Looking for a water softener pitcher recommendation

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1rider
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#1: Post by 1rider »

Hello, I have tried to find a pitcher that softens water but the search has been frustrating with Amazon trying to sell me everything they have when doing a google search that includes "water" and "pitcher" in the search terms.

Any recommendations?
Cheers,
Patrick

Jeff
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#2: Post by Jeff »

Look at the threads here on ZeroWater.

Many of the big names deal with taste and appearance primarily. Check your needs.

Bulk deionized water (sometimes RO/DI on the dispensers) of may be cheaper compared to filter cost.

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yakster
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#3: Post by yakster »

ZeroWater works well as long as you don't have really hard water. Here in San Jose, my water is 500 ppm and the filters don't last very long and it starts to taste fishy after a couple of weeks so it's not very economical. The ZeroWater site does a pretty good job explaining this.
-Chris

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homeburrero
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#4: Post by homeburrero »

Probably worth pointing out that Zerowater is much more than a softener. It's a mixed bed cation and anion exchange de-ionizer that removes everything, not just hardness cations. If you use it for espresso machine water you probably want to at least add some bicarbonate back in.

If there is a jug filter out there that just does softening I'm not aware of it. I suppose you could make your own by putting a conventional softener pouch (OsCar/Bilt/Rocket) in a jug and giving it plenty of contact time after water is added to the jug.

Most jug filters (Brita, Pur, Soma, BWT) contain a WAC resin along with the charcoal that does some softening, along with reducing the alkalinity to about the same degree that they reduce hardness. But their softening performance is variable and not specified as to capacity.

The new Brita 'longlest' is an example of a charcoal jug filter that does NOT contain a WAC resin and does not soften at all. That can be a plus if you want a filter that does not reduce the alkalinity and does not acidify your water.
Pat
nínádiishʼnahgo gohwééh náshdlį́į́h

K7

#5: Post by K7 »

I've been using ZeroWater for a little more more than 6 months now and am pretty happy with it. My local water is usually about 250-300ppm and the filter (~$12.50/pc) lasts about 18 gallons. I use it only for coffee (~4 Americanos per day) and 18 gallons are good for about two months. So that's about $0.70/gal. I believe grocery store RO water dispenser ($0.50/gal?) is a little cheaper, but ZW convenience trumps the $2/month saving in my case.

YMMV significantly depending on your coffee machine's water usage and your local water hardness.

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homeburrero
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#6: Post by homeburrero »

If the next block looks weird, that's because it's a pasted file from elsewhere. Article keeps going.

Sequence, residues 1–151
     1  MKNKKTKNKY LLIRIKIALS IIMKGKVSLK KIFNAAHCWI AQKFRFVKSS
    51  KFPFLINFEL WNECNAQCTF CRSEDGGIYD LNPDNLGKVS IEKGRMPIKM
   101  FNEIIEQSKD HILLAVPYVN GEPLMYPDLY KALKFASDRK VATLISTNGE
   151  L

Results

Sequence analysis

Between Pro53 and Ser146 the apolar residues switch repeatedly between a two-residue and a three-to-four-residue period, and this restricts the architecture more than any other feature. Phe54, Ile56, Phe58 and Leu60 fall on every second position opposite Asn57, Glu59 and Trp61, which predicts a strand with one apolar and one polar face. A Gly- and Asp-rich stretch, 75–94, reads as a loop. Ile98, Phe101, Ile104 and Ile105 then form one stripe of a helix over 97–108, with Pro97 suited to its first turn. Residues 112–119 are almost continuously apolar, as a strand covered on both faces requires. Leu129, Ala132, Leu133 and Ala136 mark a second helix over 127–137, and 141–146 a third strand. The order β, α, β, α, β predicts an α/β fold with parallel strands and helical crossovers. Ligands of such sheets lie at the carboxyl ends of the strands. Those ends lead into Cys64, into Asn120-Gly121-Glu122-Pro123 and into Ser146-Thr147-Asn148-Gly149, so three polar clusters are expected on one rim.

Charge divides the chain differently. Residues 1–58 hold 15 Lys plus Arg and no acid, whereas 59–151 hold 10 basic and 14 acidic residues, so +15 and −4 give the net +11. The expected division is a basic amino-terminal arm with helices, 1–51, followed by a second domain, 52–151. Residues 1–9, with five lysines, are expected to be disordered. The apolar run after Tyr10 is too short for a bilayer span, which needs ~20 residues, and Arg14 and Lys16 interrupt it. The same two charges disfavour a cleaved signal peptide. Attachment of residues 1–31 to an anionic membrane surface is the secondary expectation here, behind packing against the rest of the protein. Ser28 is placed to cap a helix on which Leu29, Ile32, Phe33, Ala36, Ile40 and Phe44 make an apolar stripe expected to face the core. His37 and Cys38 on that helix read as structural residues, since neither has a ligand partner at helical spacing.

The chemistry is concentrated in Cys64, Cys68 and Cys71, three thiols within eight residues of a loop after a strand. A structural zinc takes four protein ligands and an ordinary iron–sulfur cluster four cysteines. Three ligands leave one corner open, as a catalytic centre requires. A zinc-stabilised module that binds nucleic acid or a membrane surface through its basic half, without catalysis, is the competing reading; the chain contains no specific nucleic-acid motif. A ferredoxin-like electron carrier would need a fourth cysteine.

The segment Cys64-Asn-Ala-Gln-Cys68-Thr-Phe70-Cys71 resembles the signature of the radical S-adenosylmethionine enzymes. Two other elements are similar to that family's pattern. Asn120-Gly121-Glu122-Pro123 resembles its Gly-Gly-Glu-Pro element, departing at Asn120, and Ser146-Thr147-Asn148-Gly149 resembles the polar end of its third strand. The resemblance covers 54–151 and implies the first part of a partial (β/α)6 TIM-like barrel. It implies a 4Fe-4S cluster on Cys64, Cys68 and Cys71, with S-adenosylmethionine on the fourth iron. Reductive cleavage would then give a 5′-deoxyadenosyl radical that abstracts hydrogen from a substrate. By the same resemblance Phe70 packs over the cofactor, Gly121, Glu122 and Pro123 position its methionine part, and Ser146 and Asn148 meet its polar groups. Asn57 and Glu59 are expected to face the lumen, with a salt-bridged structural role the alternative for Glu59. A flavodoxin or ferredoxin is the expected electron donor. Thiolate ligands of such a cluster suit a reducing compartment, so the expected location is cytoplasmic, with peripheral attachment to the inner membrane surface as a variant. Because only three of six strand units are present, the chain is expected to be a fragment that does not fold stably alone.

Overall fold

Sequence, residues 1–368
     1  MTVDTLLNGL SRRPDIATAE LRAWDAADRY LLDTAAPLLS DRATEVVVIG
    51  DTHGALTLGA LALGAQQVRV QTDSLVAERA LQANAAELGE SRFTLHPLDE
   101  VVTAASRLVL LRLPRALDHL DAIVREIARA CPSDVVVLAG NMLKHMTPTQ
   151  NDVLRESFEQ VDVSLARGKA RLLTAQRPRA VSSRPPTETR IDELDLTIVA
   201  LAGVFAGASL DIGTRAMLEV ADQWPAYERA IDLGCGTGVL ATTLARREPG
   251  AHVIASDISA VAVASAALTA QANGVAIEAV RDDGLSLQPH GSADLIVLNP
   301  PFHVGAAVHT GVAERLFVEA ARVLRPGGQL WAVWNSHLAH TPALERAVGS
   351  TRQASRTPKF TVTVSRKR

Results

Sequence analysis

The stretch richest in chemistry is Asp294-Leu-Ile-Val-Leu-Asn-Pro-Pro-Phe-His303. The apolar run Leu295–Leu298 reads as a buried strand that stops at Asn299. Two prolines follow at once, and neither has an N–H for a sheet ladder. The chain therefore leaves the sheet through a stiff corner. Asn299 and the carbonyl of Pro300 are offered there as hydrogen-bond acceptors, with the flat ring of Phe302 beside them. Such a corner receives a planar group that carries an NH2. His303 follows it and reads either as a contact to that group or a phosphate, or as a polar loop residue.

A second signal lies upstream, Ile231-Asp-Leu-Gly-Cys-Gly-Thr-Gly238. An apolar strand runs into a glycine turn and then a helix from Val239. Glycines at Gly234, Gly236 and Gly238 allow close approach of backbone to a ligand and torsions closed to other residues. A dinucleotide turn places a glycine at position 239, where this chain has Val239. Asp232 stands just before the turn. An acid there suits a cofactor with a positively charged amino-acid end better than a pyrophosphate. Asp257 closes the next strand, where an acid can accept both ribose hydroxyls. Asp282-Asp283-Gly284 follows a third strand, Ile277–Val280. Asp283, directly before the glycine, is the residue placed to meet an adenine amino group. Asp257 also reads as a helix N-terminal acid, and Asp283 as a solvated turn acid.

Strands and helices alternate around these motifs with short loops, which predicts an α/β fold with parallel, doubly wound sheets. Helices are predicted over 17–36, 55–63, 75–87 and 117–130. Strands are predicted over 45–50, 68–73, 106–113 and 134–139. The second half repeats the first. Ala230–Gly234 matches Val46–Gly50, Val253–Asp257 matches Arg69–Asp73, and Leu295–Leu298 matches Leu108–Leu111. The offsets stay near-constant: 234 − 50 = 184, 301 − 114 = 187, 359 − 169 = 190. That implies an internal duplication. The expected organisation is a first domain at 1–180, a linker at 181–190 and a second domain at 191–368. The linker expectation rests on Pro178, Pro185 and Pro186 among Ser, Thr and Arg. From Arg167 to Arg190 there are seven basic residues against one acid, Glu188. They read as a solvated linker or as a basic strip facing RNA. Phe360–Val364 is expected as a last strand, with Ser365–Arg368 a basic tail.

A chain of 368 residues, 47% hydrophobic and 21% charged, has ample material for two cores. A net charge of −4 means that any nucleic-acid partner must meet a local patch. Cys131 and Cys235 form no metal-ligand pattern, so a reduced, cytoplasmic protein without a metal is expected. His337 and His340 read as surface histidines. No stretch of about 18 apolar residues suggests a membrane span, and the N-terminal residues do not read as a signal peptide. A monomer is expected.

K7 wrote:I've been using ZeroWater for a little more more than 6 months now and am pretty happy with it.
I use it also, as a source of purified water when I run out of de-ionized that I get from the refill station at my grocery store. In my case (tap water at appx 250 ppm TDS) the Zerowater is a little more expensive than the de-ionized that I get at my store for 40 cents a gallon.

BUT , I don't use this water straight in my espresso machine. It has zero alkalinity and a low pH that would not be good for the machine. That issue can be easily fixed by adding a tiny smidgen (appx 0.3 - 0.4 gram per gallon) of sodium bicarbonate or potassium bicarbonate.
Pat
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K7

#7: Post by K7 »

Oh yes, I forgot to add that important part! My machine is Cafelat Robot (no boiler, no pump) so I don't worry about the corrosion risk, but for most other machines, one should definitely add some alkalinity.

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yakster
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#8: Post by yakster »

I add a pinch of baking soda to my ZeroWater that I use to brew in my BraZen. I picked up a set of tiny measuring spoons from Amazon labeled dash, smidgen, pinch, drop, etc. use the smallest one, the "drop" to scoop out the powder.

I originally purchased a milligram scale to weigh out the powder but found it too inconsistent for use.
-Chris

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1rider (original poster)
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#9: Post by 1rider (original poster) »

Thanks for the replies and good conversation. I had called Zerowater and they told me straight up to not use the water as is from their pitchers.

I am not sure what I want to do about my water fro brewing. I'd prefer not to add more process to our coffee (rather my wife might stop talking to me). But proper water is very important for the finish product in the cup and the lifespan of my brew equipment.
Cheers,
Patrick

Jeff
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#10: Post by Jeff »

I bought some one-gallon, glass bottles with good screw closures (the kind with a soft cone inside) and premix a gallon at a time. That's generally enough for more than a week for me. If you figure 100 ml per shot, that's something like 35-40 shots.